The ages and suburbs of three men and a woman killed when their two light planes crashed mid-air in regional Victoria have been released.
The two training flights crashed mid-air near Mangalore Airport at about 11.30 a.m. on Wednesday.
Emergency services found the planes a few kilometers (few miles) from each other, and the bodies of the three men and woman in the wreckage.
A Melbourne West woman, 27, and a 79-year-old man from Maiden Gully, in Bendigo, were killed after leaving Mangalore Airport, police said on Thursday.
A Cheltenham man, 30, and a Seaford man, 47, who left from Tyabb airport also died.
The Israeli Foreign Ministry said in a statement to local media that among the dead was an Israeli national, who’s been named by The Jerusalem Post as Ido Segev.
“We are working with the family during this difficult time, and we are helping them with everything related to bringing the deceased back to Israel for burial,” the ministry said.
The Israeli Embassy has been contacted for comment.
Tributes have flowed online for Mr Segev.
“Our beloved Ido Segev is no longer with us. He will be remembered by all of us, worldwide,” Adi Kochav posted on social media.
Segev has had connections with the Peninsula Aero Club for years and in December 2016 it posted a photo on social media congratulating him on completing formation endorsement.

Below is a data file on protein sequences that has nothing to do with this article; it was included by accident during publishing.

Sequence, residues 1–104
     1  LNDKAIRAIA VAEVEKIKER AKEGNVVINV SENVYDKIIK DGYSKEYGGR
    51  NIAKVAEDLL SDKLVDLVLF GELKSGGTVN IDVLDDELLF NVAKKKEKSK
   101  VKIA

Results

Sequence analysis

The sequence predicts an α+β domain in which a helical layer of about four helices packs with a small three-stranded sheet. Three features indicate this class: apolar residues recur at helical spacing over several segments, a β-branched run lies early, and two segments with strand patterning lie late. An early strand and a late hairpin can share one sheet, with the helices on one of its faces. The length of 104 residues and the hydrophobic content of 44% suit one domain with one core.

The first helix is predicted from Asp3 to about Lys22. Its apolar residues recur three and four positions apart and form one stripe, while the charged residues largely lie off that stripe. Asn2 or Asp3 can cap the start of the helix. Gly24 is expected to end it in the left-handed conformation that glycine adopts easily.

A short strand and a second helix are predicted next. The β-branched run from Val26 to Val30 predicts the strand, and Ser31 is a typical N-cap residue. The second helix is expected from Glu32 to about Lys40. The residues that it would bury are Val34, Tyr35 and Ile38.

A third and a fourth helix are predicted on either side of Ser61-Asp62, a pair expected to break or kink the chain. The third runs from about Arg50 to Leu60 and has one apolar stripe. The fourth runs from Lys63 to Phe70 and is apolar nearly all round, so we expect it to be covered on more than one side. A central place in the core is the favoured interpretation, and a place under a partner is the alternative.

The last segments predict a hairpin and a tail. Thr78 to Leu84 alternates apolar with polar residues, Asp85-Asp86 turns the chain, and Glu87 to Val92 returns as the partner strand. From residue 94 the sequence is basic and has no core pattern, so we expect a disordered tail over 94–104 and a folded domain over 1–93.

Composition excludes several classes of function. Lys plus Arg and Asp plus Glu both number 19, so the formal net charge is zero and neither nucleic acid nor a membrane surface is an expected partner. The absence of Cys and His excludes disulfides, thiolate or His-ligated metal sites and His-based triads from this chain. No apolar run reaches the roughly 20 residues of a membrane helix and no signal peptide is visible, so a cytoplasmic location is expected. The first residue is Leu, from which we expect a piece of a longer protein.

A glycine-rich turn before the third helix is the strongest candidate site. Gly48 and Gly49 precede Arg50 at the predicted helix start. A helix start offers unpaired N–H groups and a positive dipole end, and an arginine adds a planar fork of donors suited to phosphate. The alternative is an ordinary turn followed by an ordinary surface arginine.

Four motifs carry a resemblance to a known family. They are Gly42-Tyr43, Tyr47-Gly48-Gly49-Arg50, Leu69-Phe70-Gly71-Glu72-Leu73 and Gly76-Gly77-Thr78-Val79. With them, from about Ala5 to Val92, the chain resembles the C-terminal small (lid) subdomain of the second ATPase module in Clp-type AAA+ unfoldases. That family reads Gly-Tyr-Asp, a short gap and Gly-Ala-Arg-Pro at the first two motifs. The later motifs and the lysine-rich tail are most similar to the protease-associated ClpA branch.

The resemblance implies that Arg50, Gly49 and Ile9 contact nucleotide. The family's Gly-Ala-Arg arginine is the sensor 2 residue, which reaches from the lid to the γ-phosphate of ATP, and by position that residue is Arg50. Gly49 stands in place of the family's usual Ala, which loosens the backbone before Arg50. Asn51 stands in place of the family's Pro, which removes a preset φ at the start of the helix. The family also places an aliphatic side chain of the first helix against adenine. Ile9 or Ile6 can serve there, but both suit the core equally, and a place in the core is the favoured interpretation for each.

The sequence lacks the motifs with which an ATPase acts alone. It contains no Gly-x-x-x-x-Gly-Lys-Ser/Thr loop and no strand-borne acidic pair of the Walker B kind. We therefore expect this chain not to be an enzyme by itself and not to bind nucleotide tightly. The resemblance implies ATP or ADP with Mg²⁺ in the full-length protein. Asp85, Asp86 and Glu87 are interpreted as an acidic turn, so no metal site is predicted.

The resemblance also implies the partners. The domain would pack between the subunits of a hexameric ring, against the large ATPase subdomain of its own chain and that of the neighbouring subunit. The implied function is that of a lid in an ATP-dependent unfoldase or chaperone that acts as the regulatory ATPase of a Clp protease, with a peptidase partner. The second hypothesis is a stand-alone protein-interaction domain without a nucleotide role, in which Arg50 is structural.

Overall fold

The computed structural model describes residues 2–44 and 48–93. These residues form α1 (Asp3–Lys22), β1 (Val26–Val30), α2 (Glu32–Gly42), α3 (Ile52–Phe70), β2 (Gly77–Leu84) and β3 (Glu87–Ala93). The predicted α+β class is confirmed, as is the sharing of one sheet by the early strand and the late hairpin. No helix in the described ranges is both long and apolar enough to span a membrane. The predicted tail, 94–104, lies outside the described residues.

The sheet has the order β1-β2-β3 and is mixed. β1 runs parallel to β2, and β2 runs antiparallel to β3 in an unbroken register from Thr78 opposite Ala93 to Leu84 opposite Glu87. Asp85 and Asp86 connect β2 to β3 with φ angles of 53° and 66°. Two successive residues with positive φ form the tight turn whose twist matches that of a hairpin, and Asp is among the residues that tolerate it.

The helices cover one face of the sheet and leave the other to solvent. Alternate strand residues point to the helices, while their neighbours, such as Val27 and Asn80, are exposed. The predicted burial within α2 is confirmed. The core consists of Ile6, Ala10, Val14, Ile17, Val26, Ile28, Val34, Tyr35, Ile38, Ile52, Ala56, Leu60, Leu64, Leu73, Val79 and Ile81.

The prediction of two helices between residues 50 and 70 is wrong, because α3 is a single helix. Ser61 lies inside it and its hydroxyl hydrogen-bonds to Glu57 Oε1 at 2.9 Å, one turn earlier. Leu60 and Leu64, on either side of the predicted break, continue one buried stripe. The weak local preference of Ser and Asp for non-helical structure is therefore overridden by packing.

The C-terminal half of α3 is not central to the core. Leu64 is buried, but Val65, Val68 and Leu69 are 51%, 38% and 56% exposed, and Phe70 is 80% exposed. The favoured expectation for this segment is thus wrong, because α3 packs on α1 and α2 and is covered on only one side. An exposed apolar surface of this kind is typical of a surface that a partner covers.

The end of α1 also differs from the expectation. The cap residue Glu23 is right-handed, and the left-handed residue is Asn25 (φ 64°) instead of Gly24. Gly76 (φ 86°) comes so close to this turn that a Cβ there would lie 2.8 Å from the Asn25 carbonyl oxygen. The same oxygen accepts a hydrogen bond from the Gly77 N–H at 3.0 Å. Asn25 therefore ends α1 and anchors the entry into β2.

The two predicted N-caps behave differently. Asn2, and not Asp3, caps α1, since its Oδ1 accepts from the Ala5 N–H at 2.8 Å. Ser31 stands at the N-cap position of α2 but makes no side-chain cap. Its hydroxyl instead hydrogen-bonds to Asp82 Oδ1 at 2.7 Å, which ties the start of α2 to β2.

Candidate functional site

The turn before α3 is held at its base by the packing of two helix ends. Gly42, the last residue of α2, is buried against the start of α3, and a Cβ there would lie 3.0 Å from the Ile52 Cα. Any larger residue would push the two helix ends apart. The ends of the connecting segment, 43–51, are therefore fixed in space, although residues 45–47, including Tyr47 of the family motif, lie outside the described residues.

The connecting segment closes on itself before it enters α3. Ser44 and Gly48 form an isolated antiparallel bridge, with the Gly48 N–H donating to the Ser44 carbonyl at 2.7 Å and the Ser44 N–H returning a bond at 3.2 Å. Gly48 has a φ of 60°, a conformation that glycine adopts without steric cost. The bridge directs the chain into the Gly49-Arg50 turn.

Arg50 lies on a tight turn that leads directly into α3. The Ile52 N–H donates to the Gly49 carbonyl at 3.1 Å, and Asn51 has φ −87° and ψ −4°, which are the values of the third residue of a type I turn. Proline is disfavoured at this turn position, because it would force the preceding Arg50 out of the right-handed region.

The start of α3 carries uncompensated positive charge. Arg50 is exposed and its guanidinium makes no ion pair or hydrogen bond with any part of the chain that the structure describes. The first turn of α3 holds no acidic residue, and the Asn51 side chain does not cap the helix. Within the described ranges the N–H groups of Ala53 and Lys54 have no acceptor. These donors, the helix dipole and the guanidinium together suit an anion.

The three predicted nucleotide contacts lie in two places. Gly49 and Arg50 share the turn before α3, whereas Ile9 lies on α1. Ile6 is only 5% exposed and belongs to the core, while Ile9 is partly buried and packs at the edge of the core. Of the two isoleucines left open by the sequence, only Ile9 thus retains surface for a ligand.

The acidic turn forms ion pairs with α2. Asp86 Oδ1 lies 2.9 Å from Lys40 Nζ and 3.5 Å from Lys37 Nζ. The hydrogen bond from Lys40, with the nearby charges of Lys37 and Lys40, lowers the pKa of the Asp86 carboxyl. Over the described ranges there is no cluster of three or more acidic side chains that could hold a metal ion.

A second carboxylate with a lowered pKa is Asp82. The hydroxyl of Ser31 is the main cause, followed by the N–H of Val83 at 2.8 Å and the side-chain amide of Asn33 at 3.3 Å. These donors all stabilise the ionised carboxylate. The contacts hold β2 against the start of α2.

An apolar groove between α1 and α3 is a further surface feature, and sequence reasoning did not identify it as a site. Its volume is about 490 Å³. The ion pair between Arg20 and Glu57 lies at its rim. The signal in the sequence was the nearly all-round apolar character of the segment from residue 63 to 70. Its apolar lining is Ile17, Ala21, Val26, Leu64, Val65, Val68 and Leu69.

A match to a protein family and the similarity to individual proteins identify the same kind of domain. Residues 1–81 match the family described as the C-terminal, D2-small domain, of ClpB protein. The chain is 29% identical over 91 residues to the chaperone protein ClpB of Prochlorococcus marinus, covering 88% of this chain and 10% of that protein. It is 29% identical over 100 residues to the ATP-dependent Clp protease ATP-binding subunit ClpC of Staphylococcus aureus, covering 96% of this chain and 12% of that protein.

It is understood he and another man were on a privately-owned Beechcraft Travel Air D95A operated by the Peninsula Aero Club at Tyabb.
The pair were qualified instructors conducting a training flight, club president Jack Vevers said.
The Civil Aviation Safety Authority said the other plane was a Piper Seminole twin-engine registered to Moorabbin Aviation Services, also on a training flight.
Mitchell Local Area Commander Inspector Peter Koger said witnesses saw the planes collide and one aircraft coming down.
Victorian Premier Daniel Andrews told reporters on Thursday it was a “very, very, very sad” incident and authorities would find the exact cause of the crash.
“We have not seen an incident like this for a long time and these are very serious matters and they will be investigated thoroughly,” Mr Andrews said.
“If there’s any learnings, any changes that need to be made then of course – not just the state government, this is a shared responsibility with the national government – I’m sure people won’t hesitate to act.”
It’s believed one of the planes had taken off from the Mangalore Airport shortly before the crash.
CASA and the Australian Transport Safety Bureau are investigating.
ATSB investigators from Melbourne, Canberra, and Brisbane are going to the site to look at the wreckage and surrounding area.
“The investigators that are deploying to the accident site have experience in human factors, aircraft operations, and maintenance,” ATSB Transport Safety executive director Nat Nagy said.
The ATSB will also analyze available recorded data, review weather information, and interview witnesses.
By Christine McGinn
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